first_imgHarvard’s Lizabeth Cohen recently began her first academic year as dean of the Radcliffe Institute for Advanced Study, where she was interim dean from July 2011 until her permanent appointment in March. Cohen is a scholar of 20th-century American social and political history and is the Howard Mumford Jones Professor of American Studies. She also was a Radcliffe Fellow from 2001 to 2002. Harvard Gazette staff writer Colleen Walsh sat down with Cohen for a question-and-answer session about the institute and her role in managing it. Cohen presented her inaugural lecture, “Place, People, and Power: City Building in Postwar America” on Oct. 15.GAZETTE: How would you describe Radcliffe today?COHEN: I would say that we are an institute for advanced study like many of our peers, which means that we are committed to promoting research and creativity, bringing people from all over the world to take advantage of the resources we make available to them to further their research, but that we have another component that is not typical for an institute for advanced study, which is we are very committed to sharing those ideas and those new ways of thinking with a variety of publics: Harvard faculty, Harvard students, but also … to a larger public. So it’s that translation, that intersection, that bringing ideas to a broad public that I think makes us distinctive. … [Also] we have from the beginning integrated the arts, and we have spanned all the fields. So we have scientists, social scientists, humanities scholars, as well as artists. And we also have people outside the academy: professionals, journalists, people in the world of policy. And that, I think, makes it a broader, more interesting conversation.GAZETTE: How does your mission fit with that of “One Harvard”?COHEN: In a world of tubs, we are the only tub that has as its mission the responsibility of bringing all the other tubs together and finding ways for them to communicate with each other, supporting faculty within the different tubs, but then bringing them into communication with one another. We encourage them when they apply for an exploratory seminar — for example, resources we make available to help them launch their research that their own Schools do not have to give them. We encourage them to put in applications that [include] faculty from multiple Schools, so we are encouraging a kind of cross-fertilization in our convening role at Harvard.GAZETTE: What do you mean when you say you think of Radcliffe as, in a way, acting as Harvard’s front door?COHEN: We go out of our way to say our events are open to the public. They are free to the public. We are encouraging all of our speakers to communicate well with people outside of their own specialization, and in that way I think of us as Harvard’s front door. We are welcoming, we are easy-access, and we take pride and pleasure in bringing people thinking the latest cutting-edge thoughts together with a larger public.GAZETTE: What kinds of future goals do you have for Radcliffe?COHEN: We certainly feel good about what we are doing … we have these three major program sites, the Fellowship Program, the Schlesinger Library, and what we call Academic Ventures, which supports the conferences and the faculty seminars, and seminars that former fellows initiate, and so forth. So there are these three pieces, but we have been working for the last year to try to integrate these three much better, and I feel pretty good about the progress we’ve made. It’s easy for people to be siloed. But we have been working on finding ways of crossing over. And so, for example, the website … is not set up actually around those three programs. It’s set up around people, programs, and collection. And all three of those programs contribute to each of those categories. So we are trying to look for the synergies within ourselves and not try to replicate the tub structure of larger Harvard.GAZETTE: How do your plans involve the arts?COHEN: The president has asked us to take responsibility for more generally convening around the arts, and we are doing that in a variety of ways. We have invited a faculty member named Yukio Lippit, professor of history of art and architecture, to be an adviser in the creative arts, and he will start that the year after next — he is on leave this year — and that is very exciting. We are trying to use the gallery that is in Byerly Hall, which was planned for an exhibition space for fellows who are practicing artists, trying to program that to be much more a part of the life of the institute. … We already do an annual exhibition that supports the theme of the gender conference in the spring. But we want to make more use of it, and so I do think the arts will be more present.GAZETTE: Initially, you had no plans to stay on as dean. What changed your mind?COHEN: It was a gradual process. I did accept, as a good Harvard citizen. I knew that Drew [Faust] needed somebody. I cared a lot about the Radcliffe Institute and the Fellowship Program in particular, since I had been a fellow and had benefited hugely from it. I cared a lot about the Schlesinger Library as a historian. It seemed like an appropriate thing for me to do, so I accepted. … Now, I have to kind of laugh when I think back to how completely strange it was for me to even be in an office like this on a daily basis. I didn’t even have any systems. I had this little notebook that I bought, and I would mark it for all the people who were my direct reports, and then write little notes in it for all the things I wanted to say to them. … I had not ever been in this kind of a job. But over time, I would say there were many things I discovered I enjoyed that were not part of the kind of work I have been doing.GAZETTE: Can you describe some of those things?COHEN: Working with people more collaboratively than a typical professor does as a historian — this would not be true in all fields, [but] historians work independently, pretty much. … Basically, we work on our own. … I also enjoyed program planning. I did have a life before I went back to graduate school, working in museums … doing some of the things I have been enjoying a lot in this job, thinking about how to communicate ideas to the public, how to take ideas that historians, art historians, scientists, or political scientists speak to themselves about in fairly technical terms, and figuring out how to really make that exciting and accessible to a larger public.GAZETTE: Is there any part of your new role that surprised you?COHEN: I actually learned to enjoy a piece, which I thought I was going to hate, which was the fundraising side. I thought, “This is going to be awful. I don’t like to ask anybody for money. How am I going to do this?” … I actually discovered that I enjoyed it. I did. I was really surprised. I actually realized that the people who stay in touch with the University that they went to many years out are people who are still hungry for ideas and want to be stimulated, and they are wonderful to work with.GAZETTE: Can you describe what alumnae relations are like these days? Has there been anything lost or gained with time?COHEN: I think that that struggle is really behind us by now. That was the theme during Drew Faust’s deanship during the first five years. There was an awful lot of endless discussion about why Radcliffe College didn’t make sense as an institution and why Radcliffe Institute was a desirable use of those resources. At this point, we are 13 years down the road. …  And now we are more focused on how to make the Radcliffe Institute more valuable and important for Harvard.GAZETTE: What do you do for fun?COHEN: I used to have fun [laughing]. Now I have to find my fun in my work. I have to say that I haven’t figured out yet how you have leisure in a dean’s job at Harvard. … When I do have time, I have a lot of interests. I love to read novels. I love fiction. I learn a lot about writing from how I react to writing that I enjoy. I like to garden. I love traveling. I am trying to weave that into the job. … It is a struggle. It isn’t just being a dean at Harvard. I think this is a problem for lots of people in demanding jobs in the 21st century, because you can always be working. The emails don’t stop, any time of the day or night. You have to impose your own structure of when you are working and when you’re not. And the “not” is the part I am having a hard time with [more laughing]. I am also still learning the job, so it will hopefully get easier.last_img read more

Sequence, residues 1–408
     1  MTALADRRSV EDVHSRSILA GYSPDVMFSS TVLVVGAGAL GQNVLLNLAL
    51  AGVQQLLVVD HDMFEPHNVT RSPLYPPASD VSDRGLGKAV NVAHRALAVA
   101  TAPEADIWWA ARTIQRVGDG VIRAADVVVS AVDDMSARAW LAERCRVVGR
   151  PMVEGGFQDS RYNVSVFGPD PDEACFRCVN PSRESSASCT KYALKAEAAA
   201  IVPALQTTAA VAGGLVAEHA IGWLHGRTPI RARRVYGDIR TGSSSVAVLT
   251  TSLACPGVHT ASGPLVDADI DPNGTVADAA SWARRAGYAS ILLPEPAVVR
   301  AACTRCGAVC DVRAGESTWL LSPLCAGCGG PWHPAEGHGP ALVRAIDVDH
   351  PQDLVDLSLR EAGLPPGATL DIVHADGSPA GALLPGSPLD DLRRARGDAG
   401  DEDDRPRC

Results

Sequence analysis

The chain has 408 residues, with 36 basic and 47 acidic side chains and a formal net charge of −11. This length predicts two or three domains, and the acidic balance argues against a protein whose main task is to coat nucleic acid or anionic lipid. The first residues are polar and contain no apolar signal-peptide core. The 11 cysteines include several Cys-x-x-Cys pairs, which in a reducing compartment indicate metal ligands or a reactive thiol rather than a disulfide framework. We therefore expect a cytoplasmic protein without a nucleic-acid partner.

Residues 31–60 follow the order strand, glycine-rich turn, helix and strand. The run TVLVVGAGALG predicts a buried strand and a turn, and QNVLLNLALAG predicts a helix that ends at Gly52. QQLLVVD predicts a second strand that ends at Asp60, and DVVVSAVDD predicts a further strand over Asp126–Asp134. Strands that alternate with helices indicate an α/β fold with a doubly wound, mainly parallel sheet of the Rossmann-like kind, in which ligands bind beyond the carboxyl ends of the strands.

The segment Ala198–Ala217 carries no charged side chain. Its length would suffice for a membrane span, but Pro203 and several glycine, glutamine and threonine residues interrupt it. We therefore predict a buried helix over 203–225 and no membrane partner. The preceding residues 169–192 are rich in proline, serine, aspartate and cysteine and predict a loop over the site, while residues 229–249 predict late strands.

Anthony Joshua to make U.S. debut against Jarrell Miller at Madison Square Garden on June 1

first_imgView this post on Instagram •  How much does DAZN’s live sports streaming service cost?The rivalry will most certainly help market the fight as there is no love lost between the two. Should Joshua come out victorious, a unification fight between the winner of the Wilder-Fury rematch could materialize and is arguably the biggest fight in boxing. NYC 4 The W 🍎🗽 #AJBXNG (Link In Bio)A post shared by Anthony Joshua (@anthony_joshua) on Feb 13, 2019 at 6:40am PST A superstar who has routinely sold out stadiums in the United Kingdom — including a British-record of 90,000 at Wembley Stadium in London for his 11th round knockout of Wladimir Klitschko in 2017 —  the knock by many boxing pundits on the unified heavyweight champion is that Joshua hadn’t fought in the United States and needed to do so in order to become a global star. Now, the 29-year-old will touch American soil and clash with an opponent that he’s established a heated rivalry with.“June 1 I am heading to The Big Apple and I plan to embrace the culture and leave with an appetite for more,” Joshua said in a statement. “I will be fighting Jarrell Miller at the legendary Madison Square Garden. It has been an honor and a blessing to fight at some of the best venues in the World at home in the U.K., not least Wembley Stadium, but the time has come to head across the Atlantic and defend my heavyweight titles in the USA. I am looking forward to taking on another challenge with a good boxer and a brilliant talker, it will be an exciting fight, I will leave nothing to chance and plan on dismantling Miller in style to make my mark.”Join DAZN and watch Joshua vs. Miller on June 1After Joshua (22-0, 21 KOs) notched a seventh-round TKO over Alexander Povetkin last September, he hoped to face WBC titleholder Deontay Wilder on April 13 at Wembley Stadium. But Wilder fought to a thrilling split draw with Tyson Fury in December, and a rematch between the two is reportedly set to occur in the first half of 2019.With the two biggest opponents for Joshua occupied with one another, the focus shifted to a rematch with fellow countryman Dillian Whyte, who stopped Derek Chisora in December, to seemingly punch his ticket to avenge his 2015 knockout loss to Joshua.Negotiations between the two sides hit a snag, and Miller, a charismatic heavyweight from Brooklyn, entered the picture.Joshua and Miller haven’t faced each other in the ring before, but things have already been heated between the two. At a press conference to announce the launch of DAZN in July, Miller got into a confrontation with Joshua as the two exchanged words in front of the crowd. Miller wasn’t finished and proceeded to make comments about Joshua’s mother to Sporting News.Later that same day in an interview with SN, Joshua was visibly upset when he was told of Miller’s comments.Since the incident, Miller (23-0-1, 20 KOs) has scored two knockout victories over Tomasz Adamek and Bogdan Dinu. Miller has won 11 of his last 12 fights by stoppage.Although unbeaten, Miller has yet to face an opponent the pedigree of Joshua. Nevertheless, Miller’s size and strength could prove to be a challenge for the unified champion. In his bout against Dinu in November, Miller tipped the scales at 315 ¼ pounds.“AJ is making a huge mistake coming over here to fight me in my own backyard,” said Miller. “He wants to announce himself on the American stage but all he’s doing is delivering me those belts by hand. It’s dog eat dog in the ring and this dog has got a bigger bite; he’ll be leaving New York empty-handed. This is the fight that I’ve been chasing all my life and on June 1 I’m going to achieve the thing I was born to do and win the heavyweight championship of the world. That punk AJ is standing in the way of my dreams and on June 1 he’s getting run the hell over.”More about DAZN•  Meet DAZN, the first dedicated live sports streaming service•  What sports are live-streamed on DAZN?center_img Anthony Joshua will make his U.S. debut when he defends his WBA (Super), IBF and WBO titles against Jarrell “Big Baby” Miller” on June 1 at Madison Square Garden in New York City, live and exclusively on DAZN.Joshua took to his Instagram account Wednesday to announce the exciting news.last_img read more